Daniel C. Tsui

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Name: Daniel C. Tsui            

Country: Born in China. Citizen and resident of the USA

Date of birth: 28.02.1939

Education: PhD Graduate 

Type of business: Physicist. 

Main Achievements: Won Noble Prize in Physics in 1998. He won the Oliver E. Buckley Condensed Matter Prize in 1984. He was awarded the Benjamin Franklin Medal in Physics in 1998.

Something interesting about the person: Daniel Chee Tsui is known for the discovery of the fractional quantum Hall effect. 


Danial Chee Tsui is a famous American physicist who was born in China. He was born in Henan, a province in China. There he studied from his local village school before moving to Hong Kong in 1951 for middle school. He graduated from the Pui Ching Middle School in 1957 from where he was admitted into a medical college located in Taiwan, the National Taiwan University. Tsui was lucky enough to get a scholarship to one of the most prestigious university in Chicago, Augustana College. 

Daniel had luck on his side and moved to the United States in 1958 from where he graduated from the Augustana College in 1961. Physics piqued Tsui’s interest, and he continued his studies as he received his PhD in the subject from the University of Chicago in 1967. Describing the University of Chicago as intense and intellectual, it was there he met his future wife. He married Linda Varland after she graduated from the University of Chicago. After a year of taking part in the doctoral research in Chicago, he joined the Bell Laboratories. Here he was able to accomplish more of what marks the success of his career. The famous two-dimensional electrons were a result of his studies. 

Daniel Tsui’s area of expertise included the study of electrical properties. Other than solid-state physics, semiconductors that contained microstructures were the studies that Tsui indulged his time in. For his commendable work in the discovery of the quantum hall effect, along with two other reputable individuals’, he was awarded the Noble Prize.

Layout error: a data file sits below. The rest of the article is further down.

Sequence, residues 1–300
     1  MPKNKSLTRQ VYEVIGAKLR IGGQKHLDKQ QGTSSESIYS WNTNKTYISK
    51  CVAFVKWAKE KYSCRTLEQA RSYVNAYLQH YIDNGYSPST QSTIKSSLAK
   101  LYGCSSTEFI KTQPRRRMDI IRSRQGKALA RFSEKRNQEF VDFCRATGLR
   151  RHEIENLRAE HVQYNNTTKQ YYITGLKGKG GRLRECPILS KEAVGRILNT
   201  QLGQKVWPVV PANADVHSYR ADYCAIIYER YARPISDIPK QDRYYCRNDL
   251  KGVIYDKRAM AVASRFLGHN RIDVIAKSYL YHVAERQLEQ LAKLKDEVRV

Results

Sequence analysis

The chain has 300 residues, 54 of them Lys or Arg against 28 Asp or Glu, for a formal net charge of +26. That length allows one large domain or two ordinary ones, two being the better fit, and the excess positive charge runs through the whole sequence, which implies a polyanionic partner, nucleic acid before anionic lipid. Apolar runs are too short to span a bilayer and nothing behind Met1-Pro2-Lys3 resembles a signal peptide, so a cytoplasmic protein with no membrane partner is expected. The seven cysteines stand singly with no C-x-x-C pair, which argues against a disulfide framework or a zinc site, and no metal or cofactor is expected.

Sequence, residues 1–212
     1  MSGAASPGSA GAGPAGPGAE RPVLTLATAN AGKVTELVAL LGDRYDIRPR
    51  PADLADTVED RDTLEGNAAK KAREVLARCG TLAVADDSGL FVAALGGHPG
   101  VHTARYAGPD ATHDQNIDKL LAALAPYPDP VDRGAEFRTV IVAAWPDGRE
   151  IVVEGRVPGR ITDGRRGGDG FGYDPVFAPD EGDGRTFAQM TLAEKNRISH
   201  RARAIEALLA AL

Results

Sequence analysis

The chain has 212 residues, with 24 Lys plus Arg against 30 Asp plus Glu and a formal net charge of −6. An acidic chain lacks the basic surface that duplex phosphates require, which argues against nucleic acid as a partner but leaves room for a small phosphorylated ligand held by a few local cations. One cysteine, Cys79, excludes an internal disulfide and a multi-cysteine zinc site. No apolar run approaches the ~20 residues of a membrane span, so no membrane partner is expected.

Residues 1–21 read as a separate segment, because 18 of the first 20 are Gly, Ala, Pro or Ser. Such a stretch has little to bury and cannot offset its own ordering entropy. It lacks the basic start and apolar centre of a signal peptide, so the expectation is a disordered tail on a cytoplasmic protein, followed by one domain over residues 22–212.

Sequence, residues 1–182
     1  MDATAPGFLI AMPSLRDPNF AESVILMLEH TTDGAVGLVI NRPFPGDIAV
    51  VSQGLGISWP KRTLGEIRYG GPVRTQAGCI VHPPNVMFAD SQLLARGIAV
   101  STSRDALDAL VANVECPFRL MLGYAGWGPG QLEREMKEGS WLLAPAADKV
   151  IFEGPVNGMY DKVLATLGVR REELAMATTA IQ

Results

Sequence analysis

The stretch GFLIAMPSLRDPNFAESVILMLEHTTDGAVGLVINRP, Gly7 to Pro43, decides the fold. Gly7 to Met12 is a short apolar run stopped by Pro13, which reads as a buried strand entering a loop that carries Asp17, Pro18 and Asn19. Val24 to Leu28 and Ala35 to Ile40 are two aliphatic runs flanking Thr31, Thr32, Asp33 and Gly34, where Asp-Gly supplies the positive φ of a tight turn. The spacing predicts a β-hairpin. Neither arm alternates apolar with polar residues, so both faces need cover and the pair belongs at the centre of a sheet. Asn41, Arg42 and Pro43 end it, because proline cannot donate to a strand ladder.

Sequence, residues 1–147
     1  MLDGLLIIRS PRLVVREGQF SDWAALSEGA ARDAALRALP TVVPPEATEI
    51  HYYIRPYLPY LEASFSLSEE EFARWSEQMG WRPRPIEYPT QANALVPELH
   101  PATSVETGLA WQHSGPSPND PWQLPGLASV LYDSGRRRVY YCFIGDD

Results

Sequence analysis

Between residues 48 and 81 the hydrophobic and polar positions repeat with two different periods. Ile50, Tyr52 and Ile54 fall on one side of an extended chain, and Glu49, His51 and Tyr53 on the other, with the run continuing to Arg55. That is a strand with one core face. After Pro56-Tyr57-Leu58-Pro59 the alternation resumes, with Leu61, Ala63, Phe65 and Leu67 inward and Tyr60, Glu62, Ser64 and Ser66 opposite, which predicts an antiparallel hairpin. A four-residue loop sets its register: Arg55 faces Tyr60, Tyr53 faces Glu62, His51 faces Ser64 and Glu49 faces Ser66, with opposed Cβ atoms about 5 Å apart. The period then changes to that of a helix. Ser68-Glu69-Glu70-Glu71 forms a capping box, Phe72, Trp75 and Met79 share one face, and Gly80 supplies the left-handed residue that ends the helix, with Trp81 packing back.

He was given the privilege of being a Professor at Princeton University in 1982. He taught Electrical Engineering, and it was shortly after this time that he was bestowed with the Noble Prize. With dedication, hard work, and the love he had for physics, he was able to reach the top. At Boston University he was appointed as a research professor and was able to achieve more success. Moreover, at Columbia University, he was appointed to be the senior research scientist in his field of expertise, physics. 

Tsui contributed numerous times in the field of physics and worked on a lot of concepts to further enhance this field. Opening opportunities for numerous other physic fanatics. In Princeton University 2010, he retired as the Arthur LeGrand Doty Professor. 

Currently, he is an active fellow and contributor in the National Academy of Engineering and a member of the American Physical Society, per the 2004 and 1985 elections respectively. Moreover, he became an active fellow contributor in the United States National Academy of Sciences and of the American Association for the Advancement of Sciences. Tsui’s accomplishments do not take a break here. He was elected as the Academician of Academia Sinica in 1992 located in the state of Taipei. Moreover, he was elected as the Foreign Member of the Chinese Academy of Sciences in 2000. 

Tsui’s accomplishments have led him to be the well-known physicist he is today. Being the only Chinese in his college when the United States would have eventually proved to be a challenge. Nonetheless, he outgrew the challenge and accomplished more than the average person. He earned rewards and prizes for his extensive contribution in the field of physics, other than the Noble Prize. He was also rewarded the Oliver E. Buckley Condensed Matter Prize in 1984 and the Benjamin Franklin Medal in Physics in 1998.